THE IRISH TERRIER 233
of muzzle which formerly were so difficult to find. This squareness of head and jaw is an important point to be considered when choosing an Irish Terrier.
Opinions differ in regard to slight details of this terrier's conformation, but the official description, issued by the Irish Terrier Club, supplies a guide upon which the uncertain novice may implicitly depend:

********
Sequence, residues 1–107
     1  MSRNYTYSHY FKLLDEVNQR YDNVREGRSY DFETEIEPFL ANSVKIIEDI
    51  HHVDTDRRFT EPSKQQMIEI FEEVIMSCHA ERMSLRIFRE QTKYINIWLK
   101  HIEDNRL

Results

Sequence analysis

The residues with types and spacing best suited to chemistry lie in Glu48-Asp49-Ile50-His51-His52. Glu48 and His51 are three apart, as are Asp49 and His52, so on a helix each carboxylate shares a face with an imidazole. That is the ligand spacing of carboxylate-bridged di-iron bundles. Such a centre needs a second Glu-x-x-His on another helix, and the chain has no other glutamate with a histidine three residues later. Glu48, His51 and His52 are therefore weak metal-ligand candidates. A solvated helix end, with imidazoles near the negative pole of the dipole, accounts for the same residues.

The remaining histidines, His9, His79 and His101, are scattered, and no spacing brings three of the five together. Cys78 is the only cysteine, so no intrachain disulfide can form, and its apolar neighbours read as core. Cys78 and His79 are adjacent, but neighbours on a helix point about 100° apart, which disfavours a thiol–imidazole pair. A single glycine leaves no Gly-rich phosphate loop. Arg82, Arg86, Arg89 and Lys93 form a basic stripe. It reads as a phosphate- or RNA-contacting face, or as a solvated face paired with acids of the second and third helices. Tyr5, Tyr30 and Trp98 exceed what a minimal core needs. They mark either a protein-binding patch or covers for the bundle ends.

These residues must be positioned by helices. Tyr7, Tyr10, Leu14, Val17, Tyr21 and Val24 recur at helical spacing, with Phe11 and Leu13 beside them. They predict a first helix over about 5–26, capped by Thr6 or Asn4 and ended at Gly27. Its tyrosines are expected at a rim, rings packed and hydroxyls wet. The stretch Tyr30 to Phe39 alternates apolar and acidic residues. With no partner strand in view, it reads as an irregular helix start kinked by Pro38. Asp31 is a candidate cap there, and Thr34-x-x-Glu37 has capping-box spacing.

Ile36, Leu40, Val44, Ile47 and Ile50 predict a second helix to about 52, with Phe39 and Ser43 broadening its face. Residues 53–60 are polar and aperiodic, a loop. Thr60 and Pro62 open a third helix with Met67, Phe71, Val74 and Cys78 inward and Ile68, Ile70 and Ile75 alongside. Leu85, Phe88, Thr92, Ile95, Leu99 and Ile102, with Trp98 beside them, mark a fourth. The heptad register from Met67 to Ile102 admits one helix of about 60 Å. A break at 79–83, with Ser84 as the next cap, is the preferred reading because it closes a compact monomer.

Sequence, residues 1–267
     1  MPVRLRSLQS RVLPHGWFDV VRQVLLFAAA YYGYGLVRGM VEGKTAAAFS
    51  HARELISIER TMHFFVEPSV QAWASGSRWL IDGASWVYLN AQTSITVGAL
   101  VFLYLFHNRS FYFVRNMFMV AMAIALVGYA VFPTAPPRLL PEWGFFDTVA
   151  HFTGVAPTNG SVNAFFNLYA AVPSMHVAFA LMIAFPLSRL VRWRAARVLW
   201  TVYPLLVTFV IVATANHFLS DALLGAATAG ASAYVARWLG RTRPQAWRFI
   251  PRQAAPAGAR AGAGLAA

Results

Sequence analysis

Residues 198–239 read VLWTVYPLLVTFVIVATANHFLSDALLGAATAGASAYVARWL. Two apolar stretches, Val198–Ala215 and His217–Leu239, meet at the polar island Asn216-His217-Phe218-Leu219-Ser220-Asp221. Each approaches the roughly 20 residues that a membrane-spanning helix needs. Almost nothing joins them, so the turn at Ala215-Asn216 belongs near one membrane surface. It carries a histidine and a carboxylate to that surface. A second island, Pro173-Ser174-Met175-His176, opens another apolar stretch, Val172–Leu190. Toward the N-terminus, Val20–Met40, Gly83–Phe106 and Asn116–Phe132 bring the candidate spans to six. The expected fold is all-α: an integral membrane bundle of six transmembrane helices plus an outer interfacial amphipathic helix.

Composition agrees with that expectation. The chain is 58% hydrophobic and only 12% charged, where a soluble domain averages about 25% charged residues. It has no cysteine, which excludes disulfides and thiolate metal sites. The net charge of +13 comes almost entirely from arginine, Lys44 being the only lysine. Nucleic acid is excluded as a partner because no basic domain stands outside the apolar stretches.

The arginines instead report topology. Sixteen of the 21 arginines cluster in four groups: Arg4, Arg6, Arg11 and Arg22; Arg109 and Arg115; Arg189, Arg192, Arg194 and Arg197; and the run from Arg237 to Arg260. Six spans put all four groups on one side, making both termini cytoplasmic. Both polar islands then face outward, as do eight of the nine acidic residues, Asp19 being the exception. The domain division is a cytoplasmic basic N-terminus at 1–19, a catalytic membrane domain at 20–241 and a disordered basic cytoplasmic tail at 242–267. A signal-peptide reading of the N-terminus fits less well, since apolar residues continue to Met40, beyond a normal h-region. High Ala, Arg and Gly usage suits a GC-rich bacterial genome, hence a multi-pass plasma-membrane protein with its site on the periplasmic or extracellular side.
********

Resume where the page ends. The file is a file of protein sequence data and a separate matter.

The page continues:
Head-Long ; skull flat, and rather narrow between ears, getting slightly narrower towards the eye ; free from wrinkles ; stop hardly visible except in profile. The jaw must be strong and muscular, but not too full in the cheek, and of a good punishing length. There should be a slight falling away below the eye, so as not to have a Greyhound appearance. Hair on face of same description as on body, but short (about a quarter of an inch long), in appearance almost smooth and straight ; a slight beard is the only longish hair (and it is only long in comparison with the rest) that is permissible, and this is characteristic. Teeth-Should be strong and level. Lips-Not so tight as a Bullterrier's, but well-fitting, showing through the hair their black lining. Nose-Must be black. Eyes-A dark hazel colour, small, not prominent, and full of life, fire, and intelligence. Ears-Small and V-shaped, of moderate thickness, set well on the head, and dropping forward closely to the cheek. The ear must be free of fringe, and the hair thereon shorter and darker in colour than the body. Neck-Should be of a fair length, and gradually widening towards the shoulders, well carried, and free of throatiness. There is generally a slight sort of frill visible at each side of the neck, running nearly to the corner of the ear. Shoulders and Chest-Shoulders must be fine, long, and sloping well into the back ; the chest deep and muscular, but neither full nor wide. Back and Loin-Body moderately long; back should be strong and straight, with no appearance of slackness behind the shoulders ; the loin broad and powerful, and slightly arched ; ribs fairly sprung, rather deep than round, and well ribbed back. Hind-quartersShould be strong and muscular, thighs powerful, hocks near ground, stifles moderately bent. Stern-Generally docked ; should be free of fringe or feather, but well covered with rough hair, set on pretty high, carried gaily, but not over the back or curled. Feet and LegsFeet should be strong, tolerably round, and moderately small ; toes arched, and neither turned out nor in ; black toe nails most desirable. Legs moderately long, well set from the shoulders, perfectly straight, with plenty of bone and muscle ; the elbows working freely clear of the sides ; pasterns short and straight, hardly noticeable. Both fore and hind legs should be moved straight forward when travelling, the stifles not turned outwards, the legs free of feather, and covered, like the head, with as hard a texture of coat as body, but not so long. Coat-Hard and wiry, free of softness or silkiness, not so long as to hide the outlines of the body, particularly in the hind-quarters, straight and flat, no shagginess, and free of lock or curl. Colour-Should be " wholeColoured," the most preferable being bright red, red, wheaten, or yellow